This list goes to eleven — the 11 hottest tube amps you can buy

While most people believe that vacuum tubes went away decades ago along with propeller-driven airliners and rotary telephones, in truth hardcore music lovers (and guitar players) have long embraced tubes for their sonic properties. After the Cold War ended, huge stockpiles of tubes started to shake loose, and now factories in both China and countries in Eastern Europe are again pumping out tubes by the skadillion.

The warm glow of tube amps is always hip (as evidenced by the recent surge of nixie chic), and we're now starting to see them popping up everywhere. Heck, these days you can even get a tube amplifier for your iPod. We searched all over for the hottest tube amps out there, narrowing the field to the 11 best. Get turned on by hitting the Continue link below.


1. Tubes for Donald Trump
The audiophile world is choked with exotica boasting stratospheric price tags, but few are surrounded by as much mystery and legend as those designed by the late Hiroyasu Kondo. Kondo was a firm believer in the properties of silver, and his top amps contained enough to supply a small country with coinage. Most legendary of all is the elusive GakuOn, a 55-watt mono amp using WWII era tubes, which has sold at times (depending on silver prices) for as much as $250,000 a pair.


2. Tubes for Your Ride
Using hot, fragile vacuum tubes for your car stereo may seem nutty, but Milbert has been making variations of its tube amp for over 15 years with great success. While 35 watts might seem pretty wimpy to most car-stereo people, if ultimate sonic perfection is you goal rather than waking the neighborhood, the Milbert's man enough for the job. Just don't open the trunk too fast when it's covered with snow.


3. Tubes for Your Laptop
Laptop speakers all suck. So why go with some nasty powered external jobs when you can use real speakers powered by a cool tube amp like the Audio Space Mini? At $890 it might cost as much as the laptop did, but it's definitely much cooler.


4. Flea-Powered Tubes
Some audiophiles feel that less is more, and that within their power limits, a lower-powered amp will outperform a similar design with more output. At only 1 watt per channel, David Berning's Micro-ZOTL amp is going to need some pretty efficient speakers, although there's also a headphone jack for those who value kick-ass quality for their personal listening.


5. Tubes for Steampunks
Josh Stippich grew up in a house full of artists, and the results show in his wildly creative designs for tube electronics. With no catalog of products per se, each Electronluv creation is a hand-built one-off designed to meet the needs and match the style of its future owner. Prices tend to run in the low to mid five-figure range for a pair of amps.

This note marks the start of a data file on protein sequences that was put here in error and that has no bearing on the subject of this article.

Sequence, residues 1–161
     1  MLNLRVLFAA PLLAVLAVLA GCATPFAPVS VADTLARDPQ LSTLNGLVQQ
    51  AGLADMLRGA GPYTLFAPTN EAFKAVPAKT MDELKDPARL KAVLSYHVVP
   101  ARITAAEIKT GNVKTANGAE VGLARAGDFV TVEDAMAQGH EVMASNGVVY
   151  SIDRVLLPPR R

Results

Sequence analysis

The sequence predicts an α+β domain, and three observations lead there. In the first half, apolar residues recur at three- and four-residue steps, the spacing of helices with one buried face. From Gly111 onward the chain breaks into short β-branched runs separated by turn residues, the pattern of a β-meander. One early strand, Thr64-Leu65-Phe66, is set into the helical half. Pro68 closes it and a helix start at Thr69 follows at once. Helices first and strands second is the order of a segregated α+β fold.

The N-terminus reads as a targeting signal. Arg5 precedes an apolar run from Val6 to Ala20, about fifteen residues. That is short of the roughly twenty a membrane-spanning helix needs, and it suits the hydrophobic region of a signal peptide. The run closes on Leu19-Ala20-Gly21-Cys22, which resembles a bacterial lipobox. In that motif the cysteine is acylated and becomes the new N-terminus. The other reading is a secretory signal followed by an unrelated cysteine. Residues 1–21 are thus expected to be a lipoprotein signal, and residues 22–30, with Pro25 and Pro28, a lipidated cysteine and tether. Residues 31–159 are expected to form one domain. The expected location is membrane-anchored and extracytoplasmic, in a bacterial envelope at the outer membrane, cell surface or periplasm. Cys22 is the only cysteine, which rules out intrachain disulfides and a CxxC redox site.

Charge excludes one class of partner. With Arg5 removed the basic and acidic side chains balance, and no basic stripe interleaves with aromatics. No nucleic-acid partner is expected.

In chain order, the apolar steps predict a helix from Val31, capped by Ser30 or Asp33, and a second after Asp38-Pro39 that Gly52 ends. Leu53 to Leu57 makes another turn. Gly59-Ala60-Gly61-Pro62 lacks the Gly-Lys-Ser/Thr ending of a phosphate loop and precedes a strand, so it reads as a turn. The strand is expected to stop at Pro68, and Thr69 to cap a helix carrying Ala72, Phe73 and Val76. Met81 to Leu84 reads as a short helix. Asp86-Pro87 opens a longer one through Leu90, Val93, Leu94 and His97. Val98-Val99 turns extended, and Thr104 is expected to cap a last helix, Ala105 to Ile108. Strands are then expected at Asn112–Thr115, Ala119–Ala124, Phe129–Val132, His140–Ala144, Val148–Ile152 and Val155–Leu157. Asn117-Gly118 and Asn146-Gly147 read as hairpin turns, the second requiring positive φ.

6. Tubes You Can Build Yourself
Audio kit building was all the rage in the 1950s, and now with the revived popularity of tubes, kits are back with a vengeance. The Bottlehead line has always combined great style with affordable prices, and the 3.5-watt Paramour II just about redefines the term simplicity. They're $679 a pair.


7. Tubes for your flicks

Few pieces of audio gear are as complex as a surround sound processor, so the concept of one using all analog vacuum tube circuitry might seem pretty unhinged. That wasn't enough to stop audio legend Jim Fosgate from developing the FAP V1, which uses tube output drivers for each channel. On board surround processing includes Dolby ProLogic II for two channel analog sources, while its 7.1 channel analog input lets you connect a multi channel source component that can decode the latest digital formats. As strictly limited edition, the FAP V1 sells for a cool $13,000.


8. Tubes for Your Head
Headphones can benefit from the sound of tubes too, and legendary tube circuit designer Tim deParavicini of EAR/Yoshino has come up with a tasty way to drive your cans. The HP4 headphone amp uses a pair of 6SL7s to deliver about a watt directly into your head. While not exactly cheap at $3,900, it's still a whole lot more affordable than most of deParavicini's amps for speakers.


9. Tubes from China
In the years since tube amps recaptured the hearts of both audio purists and trendsetters alike, a whole wave of mostly Chinese designs has started to pop up on the Internet. While some do have local distribution, most, like the SunSpirit JVD-845V seen here are available only directly from Asia, resulting in some astonishing values.


10. Really old skool tubes
I know what you're thinking, all tubes are old skool. But few tube types have a history stretching back as far as the 101D and 2A3, which were first introduced in 1921 and 1933 repectively. Now Australia based Malody Audio has introduced the I2A3 where the retro engineering continues in its use of paper in oil capacitors and point to point internal wiring. While this all sounds like the sort of exotica you might expect from the likes of Kondo (see #1 Tubes for Donald Trump), the I2A3 sells for a decidedly down to earth $3299.


11. Tubes, the Quest for Power
There are times when we all need more power, and while going with a solid-state amp would be and easy cop-out, there are tube-amp manufacturers out there who like to turn the volume up to 11. VTL's Luke Manley has long been at the forefront of the quest for power, and his 800 watt Siegfried monoblock should fit the bill of even the most hard core headbangers. They're a mere snip at $45,000 a pair.